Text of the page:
CARACAS (Reuters) - Venezuelan state oil company PDVSA is seeking to issue up to $4.7 billion (3.7 billion pounds) in debt securities to settle unpaid bills to contractors, according to a document seen by Reuters, as the cash-strapped firm scrambles to cope with low oil prices.
The proposal signals PDVSA’s increasing reliance on complex financial engineering to make ends meet after a slump in crude output and a severely depressed economy left it struggling to tap cheaper and more traditional forms of credit.
The quiet issuance of securities known as promissory notes could dampen a recent surge in investor confidence that PDVSA would avoid default through a $5.3 billion bond swap plan that is meant to help ease its payment burden in the coming months.
A PDVSA [PDVSA.UL] PowerPoint presentation drawn up in June that has not previously been made public said the company has proposed issuing the promissory notes to 63 companies.
PDVSA said in September that it had already issued $1.15 billion in promissory notes this year to services firms including Halliburton (HAL.N) and Weatherford (WFT.N), as well as less known local companies.
It was not immediately evident whether that issuance was part of the proposed $4.7 billion package or whether the dimensions of the note issue have changed since it was initially proposed in June.
PDVSA and Weatherford did not immediately respond to requests for comment. Halliburton declined to comment.
The operations allow services companies to receive promissory notes, which are similar to bonds but more difficult to sell, in exchange for unpaid invoices for services performed months or even years ago.
Most service companies, particularly local ones, are willing to receive the notes as payment, according to a source involved. That could help companies that have slowed or halted work in response to non-payment resume services such as drilling wells.
It could also help PDVSA boost oil production that has fallen every month this year to slip a dramatic 10.2 percent to August, according to the country’s reports to OPEC.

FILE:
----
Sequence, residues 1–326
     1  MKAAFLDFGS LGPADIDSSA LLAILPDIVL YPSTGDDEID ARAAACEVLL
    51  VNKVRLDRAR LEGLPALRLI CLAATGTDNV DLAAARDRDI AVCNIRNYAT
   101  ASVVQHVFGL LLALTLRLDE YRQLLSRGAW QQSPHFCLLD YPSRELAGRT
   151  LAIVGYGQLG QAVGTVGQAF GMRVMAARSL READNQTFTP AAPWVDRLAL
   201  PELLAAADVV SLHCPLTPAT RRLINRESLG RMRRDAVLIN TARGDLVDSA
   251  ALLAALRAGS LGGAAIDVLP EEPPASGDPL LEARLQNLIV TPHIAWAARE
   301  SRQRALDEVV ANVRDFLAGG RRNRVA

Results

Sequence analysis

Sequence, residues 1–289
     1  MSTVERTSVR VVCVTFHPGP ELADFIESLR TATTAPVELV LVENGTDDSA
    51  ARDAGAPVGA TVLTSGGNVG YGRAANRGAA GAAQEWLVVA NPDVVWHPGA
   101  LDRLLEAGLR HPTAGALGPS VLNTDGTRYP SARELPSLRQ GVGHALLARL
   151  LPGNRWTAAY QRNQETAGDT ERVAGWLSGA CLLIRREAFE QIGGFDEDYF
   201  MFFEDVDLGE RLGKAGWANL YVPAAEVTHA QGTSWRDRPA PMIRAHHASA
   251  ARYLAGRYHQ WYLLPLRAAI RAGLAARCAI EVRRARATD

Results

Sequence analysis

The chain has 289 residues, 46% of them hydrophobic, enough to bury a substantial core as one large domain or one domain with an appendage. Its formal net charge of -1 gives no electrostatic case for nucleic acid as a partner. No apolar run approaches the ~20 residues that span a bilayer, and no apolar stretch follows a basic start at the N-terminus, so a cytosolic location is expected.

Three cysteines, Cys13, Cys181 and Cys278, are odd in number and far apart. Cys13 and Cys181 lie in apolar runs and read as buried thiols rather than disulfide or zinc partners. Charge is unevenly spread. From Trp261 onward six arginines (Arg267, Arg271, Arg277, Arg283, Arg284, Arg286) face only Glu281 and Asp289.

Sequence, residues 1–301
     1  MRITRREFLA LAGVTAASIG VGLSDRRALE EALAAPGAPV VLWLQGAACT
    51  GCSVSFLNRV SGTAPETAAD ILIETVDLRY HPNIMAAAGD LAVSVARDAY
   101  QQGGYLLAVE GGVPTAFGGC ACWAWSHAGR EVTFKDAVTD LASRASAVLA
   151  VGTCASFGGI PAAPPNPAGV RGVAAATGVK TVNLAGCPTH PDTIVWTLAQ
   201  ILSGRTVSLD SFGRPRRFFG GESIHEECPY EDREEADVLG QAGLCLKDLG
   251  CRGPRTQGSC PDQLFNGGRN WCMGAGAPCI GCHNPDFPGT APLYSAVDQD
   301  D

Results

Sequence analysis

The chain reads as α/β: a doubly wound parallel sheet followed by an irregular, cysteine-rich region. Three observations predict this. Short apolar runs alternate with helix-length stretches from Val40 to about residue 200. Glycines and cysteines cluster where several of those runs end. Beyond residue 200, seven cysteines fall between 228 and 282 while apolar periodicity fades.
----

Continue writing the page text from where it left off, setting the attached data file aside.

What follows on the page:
PDVSA will settle large debts through individual negotiations with providers, and has contacted 44 local services companies with an offer to pool smaller debts into a single issue of more than $2.5 billion, a source with direct knowledge of the operation said last week.
The notes will have a three-year maturity and a one-year grace period, the source said, adding that an unidentified European bank will coordinate the issue. They are expected to be issued in coming weeks, he added.
The promissory notes issued so far will increase PDVSA’s annual debt service costs by $400 million starting in 2018, according to Reuters calculations, while completing the full package could lift them by as much as $1.6 billion.
Wall Street estimates show that the bond swap could save PDVSA as much as $3.5 billion in the next fifteen months, which is considerably less than the total amount PDVSA is proposing to issue in promissory notes.
Concerns about Venezuela’s economic crisis, which includes triple-digit inflation and shortages of basic staple items, have made Venezuela’s borrowing costs the highest of any emerging market - limiting its access to global capital markets.
PDVSA President Eulogio Del Pino in September acknowledged that the company faced difficulties in carrying out debt operations, which he attributed to a political campaign against the leftist government of Nicolas Maduro.
Wall Street sources also have said major banks have grown concerned about doing business in Venezuela due to corruption accusations surrounding PDVSA and U.S. investigations into high-ranking Venezuelan officials.
A Venezuelan businessman in June pleaded guilty to conspiring to pay bribes to PDVSA officials to secure energy contracts, in violation of the Foreign Corrupt Practices Act.
The company’s bonds have soared this year as investor concern over potential default has given way to optimism that payment is all-but guaranteed, with the bid price of PDVSA’s 2017N bond VE055409692= up 123 percent from February lows.
Editing by Christian Plumb and Andrew Hay